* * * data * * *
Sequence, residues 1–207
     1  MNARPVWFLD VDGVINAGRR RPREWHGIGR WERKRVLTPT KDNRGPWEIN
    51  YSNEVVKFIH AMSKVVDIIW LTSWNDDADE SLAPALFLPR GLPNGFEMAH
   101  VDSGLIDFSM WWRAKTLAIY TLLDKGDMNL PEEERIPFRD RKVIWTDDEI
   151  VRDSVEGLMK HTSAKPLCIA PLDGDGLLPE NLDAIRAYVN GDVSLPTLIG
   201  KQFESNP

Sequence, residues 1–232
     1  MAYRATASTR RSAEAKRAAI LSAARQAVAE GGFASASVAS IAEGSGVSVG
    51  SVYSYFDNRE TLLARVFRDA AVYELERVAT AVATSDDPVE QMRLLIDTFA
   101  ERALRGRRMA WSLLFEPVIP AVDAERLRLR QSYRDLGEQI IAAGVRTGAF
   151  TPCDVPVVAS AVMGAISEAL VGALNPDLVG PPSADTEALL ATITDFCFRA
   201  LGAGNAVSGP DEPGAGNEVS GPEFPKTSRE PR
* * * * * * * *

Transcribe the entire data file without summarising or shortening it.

Sequence, residues 1–207
     1  MNARPVWFLD VDGVINAGRR RPREWHGIGR WERKRVLTPT KDNRGPWEIN
    51  YSNEVVKFIH AMSKVVDIIW LTSWNDDADE SLAPALFLPR GLPNGFEMAH
   101  VDSGLIDFSM WWRAKTLAIY TLLDKGDMNL PEEERIPFRD RKVIWTDDEI
   151  VRDSVEGLMK HTSAKPLCIA PLDGDGLLPE NLDAIRAYVN GDVSLPTLIG
   201  KQFESNP

Sequence, residues 1–232
     1  MAYRATASTR RSAEAKRAAI LSAARQAVAE GGFASASVAS IAEGSGVSVG
    51  SVYSYFDNRE TLLARVFRDA AVYELERVAT AVATSDDPVE QMRLLIDTFA
   101  ERALRGRRMA WSLLFEPVIP AVDAERLRLR QSYRDLGEQI IAAGVRTGAF
   151  TPCDVPVVAS AVMGAISEAL VGALNPDLVG PPSADTEALL ATITDFCFRA
   201  LGAGNAVSGP DEPGAGNEVS GPEFPKTSRE PR